Dr. Likosky and fellow neurohospitalists Dr. Josephson and W. David Freeman, MD, assistant professor in the department of neurology and critical care at the Mayo Clinic College of Medicine in Jacksonville, Fla., offered the first neurology precourse in April at HM10 in Washington, D.C., and more and more hospitalist meetings are including neurohospitalist courses on their schedules.
Increased education also is a benefit of Mount Sinai’s adaptation of the MACE concept, Dr. Farber says. Because the hospitalist-run MACE patients are located throughout the hospital, the team conducts nursing grand rounds to educate other hospital staff about geriatrics-centered HM principles.
This represents a transformation of the way an academic medical center is structured. We’ve traditionally prioritized research ahead of patient care, but this model is inverting that. It is patient-centered, making them the priority.
—John Maa, MD, FACS, assistant professor, Department of Surgery; assistant chair, Surgery Quality Improvement Program; director, Surgical Hospitalist Program, University of California at San Francisco
Economies of Scale
Dr. Fox, the dermatology hospitalist, is the first to admit that UCSF’s practice model probably works best in a large, tertiary-care, academic medical center. However, the potential exists for extension into rural settings with telemedicine models and trained physician assistants or nurse practitioners, she notes.
Dr. Farber agrees the HM model is adaptable to a variety of medical specialties; he foresees geriatric hospitalists working in community settings. “Even in smaller hospitals with fewer discharges, there will be a sizable subset of admissions of patients at risk for high utilization of resources,” he says. “Many of Medicare’s hospital-acquired conditions are geriatrics-related, such as catheter-associated urinary tract infections, central-line infections, and falls. The investment [in geriatrician-hospitalist teams] could be justified if you track the outcomes of these high-risk patients over time and see whether you’re reducing length of stay, direct costs, and readmissions.”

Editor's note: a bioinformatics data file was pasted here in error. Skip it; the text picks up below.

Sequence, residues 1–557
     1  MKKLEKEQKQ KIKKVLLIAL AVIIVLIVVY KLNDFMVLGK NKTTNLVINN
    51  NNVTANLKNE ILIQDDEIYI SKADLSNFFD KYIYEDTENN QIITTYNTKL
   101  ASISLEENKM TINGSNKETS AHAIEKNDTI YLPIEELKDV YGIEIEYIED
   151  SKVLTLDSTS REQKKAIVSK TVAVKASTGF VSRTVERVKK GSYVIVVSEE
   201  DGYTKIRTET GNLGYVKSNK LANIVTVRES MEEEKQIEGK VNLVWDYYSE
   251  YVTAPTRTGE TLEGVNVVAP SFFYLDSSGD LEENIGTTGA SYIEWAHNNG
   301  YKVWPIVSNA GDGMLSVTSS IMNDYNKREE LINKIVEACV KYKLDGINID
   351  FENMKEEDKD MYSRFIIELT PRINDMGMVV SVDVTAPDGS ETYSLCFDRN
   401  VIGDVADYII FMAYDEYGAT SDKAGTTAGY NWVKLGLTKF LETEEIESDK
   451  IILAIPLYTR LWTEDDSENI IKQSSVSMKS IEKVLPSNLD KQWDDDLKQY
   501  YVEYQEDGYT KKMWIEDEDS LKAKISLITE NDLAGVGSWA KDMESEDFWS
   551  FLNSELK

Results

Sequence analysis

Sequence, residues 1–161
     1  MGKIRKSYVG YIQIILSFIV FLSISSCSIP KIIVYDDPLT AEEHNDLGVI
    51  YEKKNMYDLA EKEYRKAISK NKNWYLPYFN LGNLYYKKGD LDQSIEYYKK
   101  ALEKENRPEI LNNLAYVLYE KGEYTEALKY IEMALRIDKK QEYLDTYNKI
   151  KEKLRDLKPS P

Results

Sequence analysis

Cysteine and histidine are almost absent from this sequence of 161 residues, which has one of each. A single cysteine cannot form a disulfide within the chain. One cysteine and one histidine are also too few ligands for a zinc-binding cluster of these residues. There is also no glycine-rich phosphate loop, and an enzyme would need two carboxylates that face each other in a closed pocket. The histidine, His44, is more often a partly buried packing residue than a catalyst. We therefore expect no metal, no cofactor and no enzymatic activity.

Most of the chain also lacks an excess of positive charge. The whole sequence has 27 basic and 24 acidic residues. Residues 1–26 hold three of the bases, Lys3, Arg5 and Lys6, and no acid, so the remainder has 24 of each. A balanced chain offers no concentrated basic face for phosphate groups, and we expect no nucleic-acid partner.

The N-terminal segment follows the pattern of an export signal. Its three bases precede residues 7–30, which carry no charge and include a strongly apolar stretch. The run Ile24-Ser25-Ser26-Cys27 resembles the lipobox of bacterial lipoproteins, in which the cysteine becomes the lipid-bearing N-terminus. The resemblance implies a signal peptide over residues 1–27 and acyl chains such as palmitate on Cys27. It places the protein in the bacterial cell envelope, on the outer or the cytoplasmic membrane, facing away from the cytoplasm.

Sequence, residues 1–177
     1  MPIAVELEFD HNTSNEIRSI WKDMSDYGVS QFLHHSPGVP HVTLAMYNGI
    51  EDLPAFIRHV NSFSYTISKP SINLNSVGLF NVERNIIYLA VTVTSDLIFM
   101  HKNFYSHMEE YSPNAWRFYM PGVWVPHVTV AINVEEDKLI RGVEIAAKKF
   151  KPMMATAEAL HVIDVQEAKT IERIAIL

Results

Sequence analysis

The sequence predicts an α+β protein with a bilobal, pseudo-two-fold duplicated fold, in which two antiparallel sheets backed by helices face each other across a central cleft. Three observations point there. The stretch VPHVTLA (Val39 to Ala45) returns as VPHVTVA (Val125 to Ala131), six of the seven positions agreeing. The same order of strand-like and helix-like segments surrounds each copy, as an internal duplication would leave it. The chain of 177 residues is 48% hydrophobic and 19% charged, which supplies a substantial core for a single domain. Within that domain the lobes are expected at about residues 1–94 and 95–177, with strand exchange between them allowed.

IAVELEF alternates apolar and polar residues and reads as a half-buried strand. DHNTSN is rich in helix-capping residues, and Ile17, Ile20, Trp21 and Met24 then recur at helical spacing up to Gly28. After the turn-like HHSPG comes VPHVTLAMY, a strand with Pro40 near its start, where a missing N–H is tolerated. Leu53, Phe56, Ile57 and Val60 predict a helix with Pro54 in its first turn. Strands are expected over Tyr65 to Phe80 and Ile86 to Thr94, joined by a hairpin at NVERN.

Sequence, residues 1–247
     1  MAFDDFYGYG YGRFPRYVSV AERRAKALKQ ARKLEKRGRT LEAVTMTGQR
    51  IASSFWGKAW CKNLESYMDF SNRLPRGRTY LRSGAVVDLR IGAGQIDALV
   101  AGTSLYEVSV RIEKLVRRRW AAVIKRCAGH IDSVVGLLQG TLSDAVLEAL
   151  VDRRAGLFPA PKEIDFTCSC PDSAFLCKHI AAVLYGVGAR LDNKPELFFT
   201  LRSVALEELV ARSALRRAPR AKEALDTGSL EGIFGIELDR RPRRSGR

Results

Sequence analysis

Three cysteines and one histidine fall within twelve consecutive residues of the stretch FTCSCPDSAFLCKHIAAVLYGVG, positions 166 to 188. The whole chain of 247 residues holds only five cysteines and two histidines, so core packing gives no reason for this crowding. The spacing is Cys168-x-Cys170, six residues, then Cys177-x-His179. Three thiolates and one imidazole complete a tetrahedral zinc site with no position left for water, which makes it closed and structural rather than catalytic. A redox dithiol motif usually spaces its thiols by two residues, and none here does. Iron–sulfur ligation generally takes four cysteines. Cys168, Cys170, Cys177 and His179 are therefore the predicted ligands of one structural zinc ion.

Dr. Likosky says the benefits of the neurohospitalist model closely mirror those of the HM model, and although volumes are lower, the benefits “remain significant even in relatively small hospitals.” His American Academy of Neurology (AAN) survey backs up this observation: Neurohospitalists were about evenly split between academic and private settings (49% and 51%, respectively). “Unlike dermatology, neurologic diagnoses are very common as either a primary or secondary reason for admission to the hospital,” Dr. Likosky says.
In the community setting, surgical hospitalist programs provide a new answer for ED call coverage, Dr. Maa says. Surgical practices often approach the medical center leadership to negotiate a stipend, then contribute salary support so that a new surgeon can be recruited to join the practice. This physician—usually a younger surgeon—then is hired in the role of a surgicalist so that timely patient care and surgeon availability can be ensured.
In rural settings, however, even this model might not be feasible, Dr. Maa says, because surgical practices could be comprised of only one or two surgeons. “We will have to think differently about telemedicine, telesurgery, and having ERs equipped with video monitors so that the ED physician can examine the patient while a surgeon, at a remote centralized area, can provide input,” he says.
Adoption of the hospitalist model by other specialties shows no sign of slowing down. That’s good news for HM and patient care, Dr. Maa says.
“This represents a transformation of the way an academic medical center is structured,” he adds. “We’ve traditionally prioritized research ahead of patient care, but this model is inverting that. It is patient-centered, making them the priority, and answers the question, ‘How can we reconfigure what we have to take better care of patients?’ And that’s why I think we’ll succeed.” TH